The cork dust, which when mixed with the oxidised oil forms the basis of the linoleum, is obtained by grinding cork shavings between millstones, and sifting the powder so formed. The mixing of the cork dust and oxidised oil is effected in a pug mill, from which the stream issuing is cut into thin slices by a three-arm cutter revolving in front of the delivery opening. These slices are fed between heavy rollers, where each is rolled into a thin sheet in contact with a sheet of juts fabric which is to form the backing. The linoleum is produced in widths of 6 feet and 12 feet, and in thicknesses of from 1/8 inch to nearly 1/2 inch.

For printing the linoleum, a ground colour when required is first applied by rollers. The printing in oil colours is done partly by hand, the 12-ft. widths being at present printed by hand only; and partly by a large multiple-colour printing machine designed by the manager, Mr. Wright, which has two drums, each nearly 30 feet diameter and over 6 feet wide, placed side by side with a short interval between them, and each driven independently by a Willans high-speed engine.

The printing rollers, one to each colour, are mounted in a framing carried on a table, which traverses on a heavy bed parallel with the axis of the drums; the printing rollers are only 2 feet long, and thus print only one-third of the whole 6-ft. width of the piece of linoleum at each revolution of the drum. Each succeeding roller is adjusted at such a distance behind its predecessor that the colour it applies falls properly into its place in the pattern. The rollers are traversed laterally across the width of the piece when opposite the gap between the ends of the piece on the drum. One drum is being printed on whilst the other is being stripped. For hand printing, blocks are used about 2 feet square, which are made of wood with the brass printing surfaces mounted on them.

The linoleum is passed up through the floor, over a table in front of the printer, and down again through the floor. The portion exposed on the table is surrounded by a frame furnished with suitable stops, by means of which the positions of the printing blocks are accurately fixed. Behind the printer are two short parallel lines of rails, each furnished with simple means for transferring from one line to the other a series of inking tables, which carry the different printing colours used. Each colour is in turn applied to the linoleum, the whole width being printed across with one colour before the next colour is applied. The pressure is given by hand for light patterns, and for heavier patterns by a cam worked by a lever.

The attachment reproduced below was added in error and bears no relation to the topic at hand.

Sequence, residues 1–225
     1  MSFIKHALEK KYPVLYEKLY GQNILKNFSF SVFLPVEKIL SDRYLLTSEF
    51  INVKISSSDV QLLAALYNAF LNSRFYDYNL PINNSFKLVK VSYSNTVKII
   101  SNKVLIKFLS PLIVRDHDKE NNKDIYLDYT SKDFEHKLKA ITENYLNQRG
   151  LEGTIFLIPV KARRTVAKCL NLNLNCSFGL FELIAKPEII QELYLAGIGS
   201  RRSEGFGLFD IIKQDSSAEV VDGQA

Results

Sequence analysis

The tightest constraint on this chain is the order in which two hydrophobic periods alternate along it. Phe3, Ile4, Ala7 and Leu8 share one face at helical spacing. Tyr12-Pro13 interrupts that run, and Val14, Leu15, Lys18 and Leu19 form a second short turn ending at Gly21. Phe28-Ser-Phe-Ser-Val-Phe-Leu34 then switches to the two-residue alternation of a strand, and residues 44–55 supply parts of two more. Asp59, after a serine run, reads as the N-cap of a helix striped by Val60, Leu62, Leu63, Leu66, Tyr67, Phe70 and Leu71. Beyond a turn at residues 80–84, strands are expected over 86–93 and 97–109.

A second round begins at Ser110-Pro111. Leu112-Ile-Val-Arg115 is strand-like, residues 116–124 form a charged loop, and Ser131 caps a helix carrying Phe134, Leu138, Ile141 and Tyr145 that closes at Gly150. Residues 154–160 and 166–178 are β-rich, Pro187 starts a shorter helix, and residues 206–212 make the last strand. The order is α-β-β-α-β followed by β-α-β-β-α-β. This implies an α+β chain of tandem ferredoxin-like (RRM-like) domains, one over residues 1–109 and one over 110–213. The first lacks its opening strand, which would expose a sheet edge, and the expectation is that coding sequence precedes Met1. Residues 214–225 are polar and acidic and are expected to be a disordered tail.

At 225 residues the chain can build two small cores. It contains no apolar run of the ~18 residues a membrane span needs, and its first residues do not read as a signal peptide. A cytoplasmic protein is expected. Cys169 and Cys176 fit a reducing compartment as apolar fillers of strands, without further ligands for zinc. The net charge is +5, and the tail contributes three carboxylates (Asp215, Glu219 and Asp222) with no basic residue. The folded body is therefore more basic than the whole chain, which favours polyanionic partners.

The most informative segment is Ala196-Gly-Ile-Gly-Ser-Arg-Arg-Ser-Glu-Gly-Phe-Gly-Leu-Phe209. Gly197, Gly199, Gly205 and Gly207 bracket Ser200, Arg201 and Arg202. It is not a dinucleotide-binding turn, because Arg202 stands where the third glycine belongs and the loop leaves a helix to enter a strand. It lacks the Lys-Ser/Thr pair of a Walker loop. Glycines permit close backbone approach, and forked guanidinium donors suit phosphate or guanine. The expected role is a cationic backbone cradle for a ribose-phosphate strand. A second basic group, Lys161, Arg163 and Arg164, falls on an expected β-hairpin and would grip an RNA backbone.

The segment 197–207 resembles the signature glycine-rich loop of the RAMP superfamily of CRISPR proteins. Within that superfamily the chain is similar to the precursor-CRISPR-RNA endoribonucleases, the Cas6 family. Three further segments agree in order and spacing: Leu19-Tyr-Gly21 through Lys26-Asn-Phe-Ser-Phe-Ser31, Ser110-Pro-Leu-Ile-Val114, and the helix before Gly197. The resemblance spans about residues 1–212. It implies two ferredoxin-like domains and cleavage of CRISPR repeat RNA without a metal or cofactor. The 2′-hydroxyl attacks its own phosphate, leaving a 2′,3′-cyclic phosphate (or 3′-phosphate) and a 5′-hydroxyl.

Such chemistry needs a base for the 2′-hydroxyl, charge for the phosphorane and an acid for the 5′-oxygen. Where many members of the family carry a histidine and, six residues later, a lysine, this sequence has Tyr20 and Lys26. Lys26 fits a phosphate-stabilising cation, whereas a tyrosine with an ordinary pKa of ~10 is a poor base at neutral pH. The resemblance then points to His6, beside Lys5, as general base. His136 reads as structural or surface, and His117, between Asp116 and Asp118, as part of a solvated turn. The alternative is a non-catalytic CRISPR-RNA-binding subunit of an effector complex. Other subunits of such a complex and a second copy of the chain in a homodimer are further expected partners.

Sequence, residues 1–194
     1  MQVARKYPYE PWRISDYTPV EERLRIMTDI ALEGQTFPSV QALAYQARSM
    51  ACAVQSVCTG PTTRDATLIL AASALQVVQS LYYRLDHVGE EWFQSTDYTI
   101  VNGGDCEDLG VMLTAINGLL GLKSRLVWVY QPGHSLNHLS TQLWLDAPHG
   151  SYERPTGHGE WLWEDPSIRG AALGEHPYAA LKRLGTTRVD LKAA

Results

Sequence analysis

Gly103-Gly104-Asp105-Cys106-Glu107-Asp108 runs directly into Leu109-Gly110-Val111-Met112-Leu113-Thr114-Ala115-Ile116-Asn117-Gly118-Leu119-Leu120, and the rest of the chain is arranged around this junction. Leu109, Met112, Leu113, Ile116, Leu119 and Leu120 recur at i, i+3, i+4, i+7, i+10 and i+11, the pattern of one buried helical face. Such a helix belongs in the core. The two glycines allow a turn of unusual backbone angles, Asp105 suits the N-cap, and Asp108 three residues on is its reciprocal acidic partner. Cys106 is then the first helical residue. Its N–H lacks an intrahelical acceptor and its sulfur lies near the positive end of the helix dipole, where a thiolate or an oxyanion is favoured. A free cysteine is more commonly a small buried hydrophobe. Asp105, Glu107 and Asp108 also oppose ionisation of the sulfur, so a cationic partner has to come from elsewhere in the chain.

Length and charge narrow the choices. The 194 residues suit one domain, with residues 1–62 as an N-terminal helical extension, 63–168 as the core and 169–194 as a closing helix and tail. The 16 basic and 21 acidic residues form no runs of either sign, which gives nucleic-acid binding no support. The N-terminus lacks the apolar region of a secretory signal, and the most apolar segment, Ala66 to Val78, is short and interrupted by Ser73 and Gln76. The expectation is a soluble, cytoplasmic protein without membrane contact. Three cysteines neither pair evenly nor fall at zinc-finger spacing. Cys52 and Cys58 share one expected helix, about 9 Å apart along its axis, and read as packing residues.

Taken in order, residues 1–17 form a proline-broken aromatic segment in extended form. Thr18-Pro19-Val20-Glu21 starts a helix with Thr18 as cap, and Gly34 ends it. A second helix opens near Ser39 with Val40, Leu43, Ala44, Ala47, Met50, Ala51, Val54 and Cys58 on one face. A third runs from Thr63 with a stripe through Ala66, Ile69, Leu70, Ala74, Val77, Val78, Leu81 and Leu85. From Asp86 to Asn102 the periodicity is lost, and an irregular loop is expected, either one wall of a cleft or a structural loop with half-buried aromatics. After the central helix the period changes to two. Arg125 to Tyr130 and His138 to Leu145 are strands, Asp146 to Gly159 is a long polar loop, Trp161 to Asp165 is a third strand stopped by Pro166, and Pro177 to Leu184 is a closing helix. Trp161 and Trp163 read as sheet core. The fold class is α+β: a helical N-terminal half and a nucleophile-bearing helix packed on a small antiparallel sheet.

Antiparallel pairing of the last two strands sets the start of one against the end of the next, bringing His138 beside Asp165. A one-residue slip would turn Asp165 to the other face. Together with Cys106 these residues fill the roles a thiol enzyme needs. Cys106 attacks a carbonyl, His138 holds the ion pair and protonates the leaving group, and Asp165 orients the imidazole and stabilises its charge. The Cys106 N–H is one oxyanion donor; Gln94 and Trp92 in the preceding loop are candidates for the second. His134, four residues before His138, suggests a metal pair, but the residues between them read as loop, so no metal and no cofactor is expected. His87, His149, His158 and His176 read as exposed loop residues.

The linoleum is then transferred to the drying stores, which are warmed by steam pipes, and are of such a height that 75 feet of linoleum can hang from the overhead floor in a single loop, while leaving ample head-room below. The linoleum hangs from one to three months, and is shifted from one store to another by means of overhead railways. The edges of the linoleum are trimmed by hand on long cutting tables.

In the manufacture of floor-cloth, the foundation is a jute fabric woven 24 feet wide, which is stretched on vertical frames in a lofty building, and the oil colour laid on with trowels from suitable stages; three coats are plastered on one side and two on the other. Each coat is allowed to harden, and its surface is scraped, before the application of the next; one side of the cloth is finished before the other is begun. The printing, storing, and cutting are effected in the same way as in the manufacture of linoleum.

The works are supplied with steam by Babcock and Wilcox boilers fitted with Juckes mechanical grates. They employ nearly 500 hands.

Urquhart, Lindsay and Co

BLACKNESS FOUNDRY, DUNDEE
Urquhart, Lindsay and Co

These works were commenced in 1865 by the present firm, Messrs. Urquhart, Lindsay and Co., for the construction of machinery for weaving and finishing all heavy fabrics, such as linen and jute goods, canvas, &c., and of all the gearing and shafting necessary for such factories, and also for carrying on general engineering and ironfounding.

The main erecting shop is 167 feet by 74 feet, with a span-roofed shed annexed 84 feet by 38 feet, and beyond that a grinding-shop for stones and emery-wheels; the total floor area of these is 18,880 square feet, without any partition. Over the northern division and the western end of the erecting shop is a gallery, 32 feet wide, where light machines arc erected, and all the lighter turning and tooling are done. Over the grinding-shop are four fire-proof flats, where patterns are stored. The two centre divisions of the erecting shop are served by three travelling cranes, so constructed that all the motions — travelling, traversing, and hoisting or lowering—are controlled from the floor, without the necessity of a man going aloft. These centre divisions have a clear head space of 27 feet.

Over the two northern divisions a large flat for erecting small machines and for pattern-making is slung from strong roof tic-beams, so as not to interfere with the travelling cranes below. The floor space in this flat is 10,080 square feet, and that of the galleries is 6,384 square feet. The total floor area for tooling, pattern-making, and erecting is therefore 35,344 square feet.